At this time of the summer, when members of Congress return to their districts for town hall meetings often dominated by very vocal and very belligerent “Tea Party” activists, it is refreshing to see education officials in a conservative state resist pressures to make scientific standards conform to fundamentalist religious beliefs.
Last week, the Kentucky Board of Education did just that, approving the Next Generation Science Standards being considered by the Boards of Education of 26 states in an effort to create more uniform standards from state to state.
These standards carry over the previously approved parameters for teaching evolution and introduce some new standards for the teaching of climate science.
Declaring that the argument over evolution is scientifically moot, the Board described it as a “fundamental, unifying theory that underlies all the life sciences” and emphasized that there is no “significant ongoing debate within the scientific community” about its validity. The Board also pointedly rejected proposals to encourage, if not mandate, the presentation of creationism as a competing scientific theory.
The standards approved by the Kentucky Board of Education still need to be approved by the legislative committees charged with oversight of public education in the state. No doubt, those committees will be lobbied hard by the same Far Right extremists who attempted to influence the decision by the Board of Education by denouncing the teaching of evolution and climate science as “fascistic” and “atheistic” and thereby tantamount to the promotion of the “socialistic” attitudes responsible for most “murder” and “genocide.”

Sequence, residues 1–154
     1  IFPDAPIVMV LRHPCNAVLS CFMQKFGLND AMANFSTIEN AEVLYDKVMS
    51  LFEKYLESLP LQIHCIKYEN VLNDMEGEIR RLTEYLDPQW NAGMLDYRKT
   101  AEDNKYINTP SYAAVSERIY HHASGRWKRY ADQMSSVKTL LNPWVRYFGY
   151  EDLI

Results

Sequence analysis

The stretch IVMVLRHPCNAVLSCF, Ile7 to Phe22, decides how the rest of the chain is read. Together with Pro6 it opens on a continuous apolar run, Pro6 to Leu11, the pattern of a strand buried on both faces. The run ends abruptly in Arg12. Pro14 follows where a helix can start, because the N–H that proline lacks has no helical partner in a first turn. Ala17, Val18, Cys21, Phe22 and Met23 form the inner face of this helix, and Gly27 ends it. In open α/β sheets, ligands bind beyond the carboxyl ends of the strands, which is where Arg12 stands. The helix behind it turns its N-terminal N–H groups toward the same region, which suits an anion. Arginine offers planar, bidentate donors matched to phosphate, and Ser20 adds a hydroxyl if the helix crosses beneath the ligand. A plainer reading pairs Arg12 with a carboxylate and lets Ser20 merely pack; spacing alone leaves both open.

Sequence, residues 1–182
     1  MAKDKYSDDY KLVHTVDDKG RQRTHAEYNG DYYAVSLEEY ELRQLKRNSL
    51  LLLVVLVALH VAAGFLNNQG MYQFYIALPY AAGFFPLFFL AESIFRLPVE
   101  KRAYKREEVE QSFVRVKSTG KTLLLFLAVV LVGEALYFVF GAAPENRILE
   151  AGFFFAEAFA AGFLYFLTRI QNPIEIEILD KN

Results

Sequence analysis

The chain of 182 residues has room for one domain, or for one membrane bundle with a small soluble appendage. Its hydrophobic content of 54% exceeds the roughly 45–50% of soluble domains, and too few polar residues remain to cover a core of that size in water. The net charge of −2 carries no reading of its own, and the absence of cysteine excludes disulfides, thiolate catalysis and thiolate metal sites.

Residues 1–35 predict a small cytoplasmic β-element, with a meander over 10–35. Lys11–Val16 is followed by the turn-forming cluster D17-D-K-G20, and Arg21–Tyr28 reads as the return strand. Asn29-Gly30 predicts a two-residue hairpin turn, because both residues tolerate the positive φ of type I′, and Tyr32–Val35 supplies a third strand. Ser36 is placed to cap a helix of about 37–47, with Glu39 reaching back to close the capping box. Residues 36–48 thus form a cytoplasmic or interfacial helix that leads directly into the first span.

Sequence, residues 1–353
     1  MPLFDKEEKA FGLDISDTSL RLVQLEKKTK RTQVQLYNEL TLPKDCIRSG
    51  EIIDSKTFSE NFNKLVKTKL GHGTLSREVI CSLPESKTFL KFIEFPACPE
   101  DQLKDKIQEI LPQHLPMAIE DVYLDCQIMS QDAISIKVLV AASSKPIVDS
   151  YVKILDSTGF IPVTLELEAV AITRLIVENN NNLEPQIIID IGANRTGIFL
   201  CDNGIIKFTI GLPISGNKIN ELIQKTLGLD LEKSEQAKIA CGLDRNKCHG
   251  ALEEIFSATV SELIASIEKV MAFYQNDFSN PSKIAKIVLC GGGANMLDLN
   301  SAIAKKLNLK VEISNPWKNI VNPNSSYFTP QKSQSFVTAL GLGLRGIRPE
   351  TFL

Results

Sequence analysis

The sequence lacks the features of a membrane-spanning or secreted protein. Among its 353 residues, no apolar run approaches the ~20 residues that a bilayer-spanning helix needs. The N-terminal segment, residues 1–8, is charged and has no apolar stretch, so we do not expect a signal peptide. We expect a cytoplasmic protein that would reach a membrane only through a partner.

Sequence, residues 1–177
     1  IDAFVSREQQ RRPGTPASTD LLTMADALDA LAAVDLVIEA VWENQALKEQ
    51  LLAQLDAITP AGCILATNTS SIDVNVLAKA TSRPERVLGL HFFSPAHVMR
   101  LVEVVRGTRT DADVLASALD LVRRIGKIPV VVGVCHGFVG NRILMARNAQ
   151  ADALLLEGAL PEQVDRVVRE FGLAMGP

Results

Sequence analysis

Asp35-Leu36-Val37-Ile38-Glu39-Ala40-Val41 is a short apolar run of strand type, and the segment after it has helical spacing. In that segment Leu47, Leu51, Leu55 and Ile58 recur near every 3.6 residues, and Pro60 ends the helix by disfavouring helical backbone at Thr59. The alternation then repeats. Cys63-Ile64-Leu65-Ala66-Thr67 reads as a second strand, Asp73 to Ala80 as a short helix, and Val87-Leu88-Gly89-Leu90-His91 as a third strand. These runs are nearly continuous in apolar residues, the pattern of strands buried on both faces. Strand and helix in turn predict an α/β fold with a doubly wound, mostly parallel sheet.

These are the people who are visiting the Creation Museum and mistaking it for the American Museum of Natural History. In effect, hundreds of millions of years of evolution are squeezed into a biblical timeline of a few thousand years. So Adam and Eve are said to have co-existed with Tyrannosaurus Rex and Apatosaurs, and the last dinosaur is purported to have died in 1927. Tellingly, there is a nearby reconstruction of Noah’s Ark, though the need to accommodate huge dinosaurs and the Pleistocene megafauna would seem only to exacerbate the difficulties in preserving two of each existing species on a single vessel constructed out of timbers by a single family.
The map that follows shows the 26 states participating in development and implementation of the Next Generation Science Standards:
The map largely reflects the politicization of issues related to public education, as well as many other areas of public service.
But there are several surprises on both sides. I wonder, for instance, why Connecticut, Rhode Island, Colorado, and Hawaii are not involved in this effort, and I may be even more surprised that Tennessee, Kansas, and North Dakota are involved.
Some other alignments that might seem surprising at first glance are with some reflection not quite so surprising. Among the typically more progressive states, at least on educational issues, Pennsylvania, and Wisconsin are currently controlled politically by the Far Right. For the same reason, it may actually be more surprising that Ohio and Michigan are involved than Pennsylvania and Wisconsin are not. And among the generally more conservative states, North Carolina and Arkansas, and in some instances even Georgia, have been more progressive on educational issues than on most other issues.